One of the best tests of total body strength, this one works almost every muscle you have and translates well to everyday life because we all pick stuff off the ground at some point. The deadlift isn't dangerous as long as you perform it with good form, and it can actually be beneficial to your lower back (which may be weak from sitting in a chair in front of a computer all day). John can pull over 600 pounds but worked hard to get there. Start with a goal of deadlifting your body weight for a set of five reps. A longer-term goal would be to deadlift double your bodyweight with good form. If you get to a triple-bodyweight deadlift, you may be a gorilla. Please seek genetic testing.
HOW TO DO IT: Stand in front of the bar so that your shins touch it and your feet are roughly shoulder-width apart. Squat down and grab the bar overhand, hands slightly wider than shoulder width and elbows straight. Your lower back should be in its natural arch. Draw your shoulders back, push your chest out, and tense your lats . Take a deep breath and begin standing up. Focus on pushing your heels into the floor and pulling your chest up while squeezing the bar hard (it may help you to think of falling backward as you rise, to fire up your glutes). Keep the bar as close to your legs as possible, even if it scrapes your shins a bit as you come up. As soon as the bar passes your knees, push your hips forward with power (this is called the lockout). You should end up standing tall and straight with the bar in front of your groin . Reverse the motion, making sure to keep your abs braced, and lower the bar to the floor. That's one rep.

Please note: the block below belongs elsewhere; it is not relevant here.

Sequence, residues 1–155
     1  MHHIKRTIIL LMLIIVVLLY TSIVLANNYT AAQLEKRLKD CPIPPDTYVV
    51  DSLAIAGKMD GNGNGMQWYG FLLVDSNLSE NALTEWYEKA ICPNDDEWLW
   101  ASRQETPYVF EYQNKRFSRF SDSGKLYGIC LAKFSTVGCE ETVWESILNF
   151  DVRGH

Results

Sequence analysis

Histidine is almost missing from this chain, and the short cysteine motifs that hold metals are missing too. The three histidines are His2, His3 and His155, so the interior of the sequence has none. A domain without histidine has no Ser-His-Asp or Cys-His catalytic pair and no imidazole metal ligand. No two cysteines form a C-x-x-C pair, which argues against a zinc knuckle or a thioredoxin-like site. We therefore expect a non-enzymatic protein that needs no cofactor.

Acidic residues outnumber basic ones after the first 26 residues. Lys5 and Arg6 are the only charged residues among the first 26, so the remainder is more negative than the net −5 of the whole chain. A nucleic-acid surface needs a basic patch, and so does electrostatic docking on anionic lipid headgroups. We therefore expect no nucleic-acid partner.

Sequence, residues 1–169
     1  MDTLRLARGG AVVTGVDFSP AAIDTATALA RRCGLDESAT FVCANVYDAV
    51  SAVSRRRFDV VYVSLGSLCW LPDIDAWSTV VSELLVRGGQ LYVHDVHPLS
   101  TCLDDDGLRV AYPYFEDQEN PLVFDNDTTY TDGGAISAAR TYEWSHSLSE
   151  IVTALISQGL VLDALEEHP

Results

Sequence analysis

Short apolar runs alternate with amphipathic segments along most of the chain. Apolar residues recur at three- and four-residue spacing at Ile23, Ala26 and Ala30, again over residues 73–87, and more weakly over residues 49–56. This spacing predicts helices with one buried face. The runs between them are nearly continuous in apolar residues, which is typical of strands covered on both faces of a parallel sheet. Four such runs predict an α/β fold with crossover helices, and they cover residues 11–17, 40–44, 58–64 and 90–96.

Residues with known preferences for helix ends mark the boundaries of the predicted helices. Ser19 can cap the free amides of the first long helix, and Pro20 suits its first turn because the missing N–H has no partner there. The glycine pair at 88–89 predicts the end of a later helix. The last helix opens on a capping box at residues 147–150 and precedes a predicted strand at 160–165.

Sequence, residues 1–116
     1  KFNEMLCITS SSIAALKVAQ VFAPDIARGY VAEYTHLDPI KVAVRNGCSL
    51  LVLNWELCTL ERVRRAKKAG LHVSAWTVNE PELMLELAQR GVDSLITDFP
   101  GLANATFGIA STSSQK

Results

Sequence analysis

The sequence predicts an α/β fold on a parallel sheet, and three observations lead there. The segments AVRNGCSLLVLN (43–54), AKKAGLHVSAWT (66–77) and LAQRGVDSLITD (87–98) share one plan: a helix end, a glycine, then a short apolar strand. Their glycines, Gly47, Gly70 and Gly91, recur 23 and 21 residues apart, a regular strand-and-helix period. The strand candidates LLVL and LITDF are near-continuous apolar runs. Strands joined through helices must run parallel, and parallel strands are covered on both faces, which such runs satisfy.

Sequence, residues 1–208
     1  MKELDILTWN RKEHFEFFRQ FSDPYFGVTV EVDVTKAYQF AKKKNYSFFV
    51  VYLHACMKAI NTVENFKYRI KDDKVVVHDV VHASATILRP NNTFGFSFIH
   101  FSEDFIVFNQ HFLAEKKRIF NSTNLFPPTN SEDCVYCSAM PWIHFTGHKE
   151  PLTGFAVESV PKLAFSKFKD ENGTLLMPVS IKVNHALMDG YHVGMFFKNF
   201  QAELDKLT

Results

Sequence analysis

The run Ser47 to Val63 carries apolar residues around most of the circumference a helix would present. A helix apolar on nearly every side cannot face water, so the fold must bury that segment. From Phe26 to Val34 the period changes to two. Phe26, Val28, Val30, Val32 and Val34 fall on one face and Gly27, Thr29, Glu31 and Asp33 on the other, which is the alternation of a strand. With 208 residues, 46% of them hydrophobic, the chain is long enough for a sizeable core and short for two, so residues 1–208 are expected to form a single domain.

The weight you use should be close to your squat poundage. It is manlier to not use lifting straps. Never claim you can deadlift a weight if you were wearing straps when you did it-that's a gym faux pas (so is using the term "faux pas").